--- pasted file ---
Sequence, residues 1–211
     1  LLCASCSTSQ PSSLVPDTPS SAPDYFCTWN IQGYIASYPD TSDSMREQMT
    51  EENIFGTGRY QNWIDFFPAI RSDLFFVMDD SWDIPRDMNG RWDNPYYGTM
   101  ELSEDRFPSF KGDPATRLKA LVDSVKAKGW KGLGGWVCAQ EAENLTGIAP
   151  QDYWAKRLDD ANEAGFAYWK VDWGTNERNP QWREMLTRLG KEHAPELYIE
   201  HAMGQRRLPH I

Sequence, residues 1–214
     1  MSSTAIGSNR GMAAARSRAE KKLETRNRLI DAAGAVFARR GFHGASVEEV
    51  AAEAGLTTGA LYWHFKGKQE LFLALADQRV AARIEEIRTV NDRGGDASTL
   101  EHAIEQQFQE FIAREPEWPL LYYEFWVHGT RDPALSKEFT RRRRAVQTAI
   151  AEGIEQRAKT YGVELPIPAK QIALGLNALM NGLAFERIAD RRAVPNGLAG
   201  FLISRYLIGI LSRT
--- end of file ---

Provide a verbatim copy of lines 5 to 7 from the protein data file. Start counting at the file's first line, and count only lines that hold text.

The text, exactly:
   151  QDYWAKRLDD ANEAGFAYWK VDWGTNERNP QWREMLTRLG KEHAPELYIE
   201  HAMGQRRLPH I

Sequence, residues 1–214